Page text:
• c. Rack loading for final member checking (after 60% model review): All vendors are decided. Line size and locations are finalized. All critical lines are fixed. Loads are provided for checking designed members again. Loads are to be provided based on Software analysis.
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Few points to keep in mind while providing Rack loading:

  • 1. Operating, Water filled, and Occasional loads for big-size lines (> 16-inch NPS) are to be provided separately. For guides and anchors, loads with and without friction should be provided.
  • 2. For the Flare line 1/3rd water-filled weight can be considered.
  • 3. Proper directions to be marked.
  • 4. After the long run doesn’t provide a guide in the immediate first possible location after the bend.
  • 5. Consider concentrated loads of inline valves, flanges, equipment, etc.
  • 6. Sometimes large equipment is placed over the pipe racks (Air Fin Fan Cooler, Heat Exchangers, etc). So take the operating weight of equipment from the mechanical group.
  • 7. Cable tray loads are to be taken from the electrical/instrumentation group. (In absence of data a uniformly distributed load of 1.0 KPa for a single level and 1.9 KPa for a double level of cable trays can be considered)
  • 8. Include the forces of PSV reactions if applicable.  

In the absence of data, the following guidelines can be used as preliminary piping loads:

  • a. A uniformly distributed load of 1.9 KPa for piping, product, and insulation can be considered for line size (for each line)
  • b. For line size larger than 12-inch nominal diameter actual concentrated load including the weight of piping, product, valves, fittings, and insulation shall be used.  
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Click here to know about the Pipe rack layout design considerations.

Anup Kumar Dey

I am a Mechanical Engineer turned into a Piping Engineer. Currently, I work in a reputed MNC as a Senior Piping Stress Engineer. I am very much passionate about blogging and always tried to do unique things. This website is my first venture into the world of blogging with the aim of connecting with other piping engineers around the world.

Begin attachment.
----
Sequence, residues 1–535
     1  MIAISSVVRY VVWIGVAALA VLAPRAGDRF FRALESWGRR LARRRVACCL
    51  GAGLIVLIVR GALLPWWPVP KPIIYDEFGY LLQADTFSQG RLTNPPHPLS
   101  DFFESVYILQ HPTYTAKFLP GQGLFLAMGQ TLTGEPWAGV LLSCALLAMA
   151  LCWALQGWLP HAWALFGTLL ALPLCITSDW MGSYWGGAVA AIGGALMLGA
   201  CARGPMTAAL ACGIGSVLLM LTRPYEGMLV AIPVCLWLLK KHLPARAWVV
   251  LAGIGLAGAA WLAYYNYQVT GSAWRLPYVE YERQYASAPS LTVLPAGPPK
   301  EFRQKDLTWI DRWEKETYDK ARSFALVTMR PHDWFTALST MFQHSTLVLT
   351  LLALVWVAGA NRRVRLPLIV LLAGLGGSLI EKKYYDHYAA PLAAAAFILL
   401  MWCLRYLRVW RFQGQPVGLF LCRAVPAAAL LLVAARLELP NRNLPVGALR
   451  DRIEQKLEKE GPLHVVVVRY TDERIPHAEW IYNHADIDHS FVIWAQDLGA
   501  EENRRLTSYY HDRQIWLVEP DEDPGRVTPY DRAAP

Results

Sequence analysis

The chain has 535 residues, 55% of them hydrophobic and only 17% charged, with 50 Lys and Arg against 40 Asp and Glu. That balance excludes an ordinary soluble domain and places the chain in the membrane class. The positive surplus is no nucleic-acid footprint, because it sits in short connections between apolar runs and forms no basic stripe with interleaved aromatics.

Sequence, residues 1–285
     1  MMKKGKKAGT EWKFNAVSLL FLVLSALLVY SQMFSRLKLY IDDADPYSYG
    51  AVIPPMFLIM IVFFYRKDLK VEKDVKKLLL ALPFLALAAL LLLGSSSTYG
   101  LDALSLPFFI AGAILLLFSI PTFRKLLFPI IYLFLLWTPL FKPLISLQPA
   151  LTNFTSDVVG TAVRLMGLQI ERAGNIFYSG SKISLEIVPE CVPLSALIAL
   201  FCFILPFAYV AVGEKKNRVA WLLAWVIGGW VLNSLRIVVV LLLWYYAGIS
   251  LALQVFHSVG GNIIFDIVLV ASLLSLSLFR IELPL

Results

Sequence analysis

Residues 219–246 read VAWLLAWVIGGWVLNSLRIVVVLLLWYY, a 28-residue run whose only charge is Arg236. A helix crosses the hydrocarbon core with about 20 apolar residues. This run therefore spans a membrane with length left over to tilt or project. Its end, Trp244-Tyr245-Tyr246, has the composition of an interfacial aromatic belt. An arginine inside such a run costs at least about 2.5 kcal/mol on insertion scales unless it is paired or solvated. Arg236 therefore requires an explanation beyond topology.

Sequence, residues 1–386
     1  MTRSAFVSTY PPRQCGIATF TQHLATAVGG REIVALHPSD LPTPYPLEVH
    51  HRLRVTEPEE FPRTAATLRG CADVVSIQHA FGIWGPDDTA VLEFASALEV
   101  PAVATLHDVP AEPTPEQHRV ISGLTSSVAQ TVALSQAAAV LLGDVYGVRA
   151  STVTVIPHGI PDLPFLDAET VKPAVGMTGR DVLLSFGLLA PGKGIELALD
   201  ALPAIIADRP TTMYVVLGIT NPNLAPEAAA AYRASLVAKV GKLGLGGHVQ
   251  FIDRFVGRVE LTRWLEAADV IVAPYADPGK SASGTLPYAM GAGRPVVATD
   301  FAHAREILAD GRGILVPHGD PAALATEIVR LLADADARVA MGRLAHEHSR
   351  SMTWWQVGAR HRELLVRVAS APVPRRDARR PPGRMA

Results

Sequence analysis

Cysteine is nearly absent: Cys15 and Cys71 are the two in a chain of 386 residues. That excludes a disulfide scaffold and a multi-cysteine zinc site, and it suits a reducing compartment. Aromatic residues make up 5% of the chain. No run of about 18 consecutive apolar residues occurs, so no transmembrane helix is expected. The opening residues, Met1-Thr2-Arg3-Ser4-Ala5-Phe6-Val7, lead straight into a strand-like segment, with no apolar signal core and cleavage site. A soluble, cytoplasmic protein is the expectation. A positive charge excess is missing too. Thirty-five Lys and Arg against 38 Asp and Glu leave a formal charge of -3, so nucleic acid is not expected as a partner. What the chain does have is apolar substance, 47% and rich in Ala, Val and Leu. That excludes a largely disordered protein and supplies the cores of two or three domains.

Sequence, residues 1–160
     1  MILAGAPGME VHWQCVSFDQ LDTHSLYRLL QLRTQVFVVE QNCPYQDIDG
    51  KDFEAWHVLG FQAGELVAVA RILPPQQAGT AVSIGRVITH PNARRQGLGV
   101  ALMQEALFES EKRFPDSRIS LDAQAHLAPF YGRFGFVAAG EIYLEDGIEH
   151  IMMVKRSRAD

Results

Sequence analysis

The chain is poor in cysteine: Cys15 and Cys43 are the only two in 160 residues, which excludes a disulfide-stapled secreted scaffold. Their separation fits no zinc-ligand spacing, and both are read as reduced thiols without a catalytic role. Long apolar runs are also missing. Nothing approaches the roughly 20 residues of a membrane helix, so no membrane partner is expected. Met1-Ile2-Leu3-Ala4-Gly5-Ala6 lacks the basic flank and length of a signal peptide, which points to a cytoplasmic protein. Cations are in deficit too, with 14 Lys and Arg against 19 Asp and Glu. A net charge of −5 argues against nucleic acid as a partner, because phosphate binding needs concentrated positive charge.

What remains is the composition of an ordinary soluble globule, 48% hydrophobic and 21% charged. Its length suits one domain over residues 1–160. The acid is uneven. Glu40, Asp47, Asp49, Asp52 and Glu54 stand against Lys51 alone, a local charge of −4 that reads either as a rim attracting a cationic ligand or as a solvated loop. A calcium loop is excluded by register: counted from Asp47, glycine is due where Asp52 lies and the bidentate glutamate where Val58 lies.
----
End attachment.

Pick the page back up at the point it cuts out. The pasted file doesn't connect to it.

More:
6 thoughts on “Rack Piping for a Piping Stress Engineer

  1. please advice me any thumb rule to find out the supporting load on the tack in begining stage ..i dont have guideline in my company as i am doing first time to give preliminary load for civil ..
    As you said i considered line form PID ..but i’m worried how can i distribute load in each support…like load on axial stop and guide..

    1. dear arun. normally preliminary piping loads on racks are given 150-250 kg/m2 which take in account for a full rack deck of 12″-14″ piping. then concetrated loads are transmitted to take into account for bigger pipe loads than 12″-14″. civil dpt usually takes into account friction on statistical basis of 10% of vertical piping loads, but for concetrated piping 12-14 or more the pipe stress engineer should give appropriate values. if you need any help plz contact me at socrate.martino@gmail.com and i will be glad to give you ther tips.

  2. It’a very nice posting!
    But I can not understand exactly for the determination of anchor location and the number of loop. Because I’m a beginner at piping stress analysis.
    Could you explain once again with actual example?

  3. Please upload blog on pipe rack width calculation with one or two exercise of how to calculate rack width.

  4. Thanks for the great explanation.
    1- if we have several 2,3, 4inches lines on the piperack, should we consider these sizes for specifying uniform loads? or we should consider all lines are 6″ full of water?
    2- How can we calculate horizontal loads of uniform loads?

  5. Hi, I have a doubt related to steam pipe load whether we consider water filled pipe for steam line or empty pipe. This will directly impact on the anchor bay loading as there will be a vast difference in both the loadings.